Brenda Carrillo-Conde did not know what she was getting herself into when she decided to participate in a summer research experience in the College of Engineering at Iowa State University five years ago. The native of Mazatlan, Mexico, was a senior at Monterrey Institute of Technology (Monterrey, Mexico) and planned on a career in industry. Then she made a big decision: to travel with two of her classmates over 3,000 miles to spend the summer at Iowa State as a participant in the Biological Materials and Process (BioMaP) Research Experience for Undergraduates (REU) project.
During the REU experience Carrillo-Conde had the opportunity to work with Dr. Balaji Narasimhan and his research team on increasing the effectiveness of vaccine delivery systems and developing new vaccination strategies based on biomaterials. She enjoyed working with Narasimhan over the 10-week program. So much so, that when offered the opportunity to return to Iowa State and continue working with Narasimhan as a graduate student, she happily accepted.
Since then, Carrillo-Conde has been working on the same line of research that she began during that summer five years ago. And the research has produced results. The team has improved the delivery vehicles to be used in vaccine formulations from polyanhydrides microparticles to nanoparticles from the same chemistry but with functional groups on their surfaces. Successful in-vivo trials have been held geared towards creating single-dose versions of existing vaccines (Tetanus Toxoid, Pneumonic Plague, Anthrax, and others). The team is also honing in on more cost-effective production of vaccinations and the development altogether new ones (for example, to protect against HIV).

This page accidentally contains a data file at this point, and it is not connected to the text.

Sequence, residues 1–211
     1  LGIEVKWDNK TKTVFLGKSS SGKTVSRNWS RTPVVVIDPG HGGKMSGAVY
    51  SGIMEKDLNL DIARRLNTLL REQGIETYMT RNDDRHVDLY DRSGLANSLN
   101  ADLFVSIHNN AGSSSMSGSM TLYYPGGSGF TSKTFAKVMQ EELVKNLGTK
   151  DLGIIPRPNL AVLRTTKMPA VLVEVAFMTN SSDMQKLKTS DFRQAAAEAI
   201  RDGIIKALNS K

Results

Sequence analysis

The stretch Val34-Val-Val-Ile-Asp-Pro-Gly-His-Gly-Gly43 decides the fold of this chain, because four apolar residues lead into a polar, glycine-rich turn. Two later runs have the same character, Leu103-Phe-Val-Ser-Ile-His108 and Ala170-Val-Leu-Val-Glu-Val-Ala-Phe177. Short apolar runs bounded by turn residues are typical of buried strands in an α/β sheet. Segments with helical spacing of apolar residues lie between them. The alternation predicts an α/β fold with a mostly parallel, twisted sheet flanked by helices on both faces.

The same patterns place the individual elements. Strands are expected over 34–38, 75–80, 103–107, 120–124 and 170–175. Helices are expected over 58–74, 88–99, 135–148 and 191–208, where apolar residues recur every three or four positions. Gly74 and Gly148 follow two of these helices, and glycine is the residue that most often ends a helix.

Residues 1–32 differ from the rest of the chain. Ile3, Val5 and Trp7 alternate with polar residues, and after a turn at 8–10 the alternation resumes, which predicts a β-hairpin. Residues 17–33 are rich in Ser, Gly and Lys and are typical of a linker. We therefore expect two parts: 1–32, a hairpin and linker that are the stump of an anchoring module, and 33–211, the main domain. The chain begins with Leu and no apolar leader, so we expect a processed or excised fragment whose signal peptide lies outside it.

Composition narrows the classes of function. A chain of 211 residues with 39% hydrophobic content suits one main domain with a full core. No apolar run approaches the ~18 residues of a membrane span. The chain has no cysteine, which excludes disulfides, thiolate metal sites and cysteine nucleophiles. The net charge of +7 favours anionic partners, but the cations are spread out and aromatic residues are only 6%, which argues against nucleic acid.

Collaborations as part of the research have allowed Carrillo-Conde to work with experts from the Chemistry Department, Veterinary Microbiology and Preventative Medicine (VMPM), and the Immunobiology Department at Iowa State. Such interactions have been one of Carrillo-Conde’s favorite aspects of her experience. And she knows that this interdisciplinary work has prepared her for her professional future.
For someone who hadn’t planned on attending graduate school, Carrillo-Conde has come a long way. This summer, she will finish her PhD in Chemical and Biological Engineering, with a minor in Immunobiology.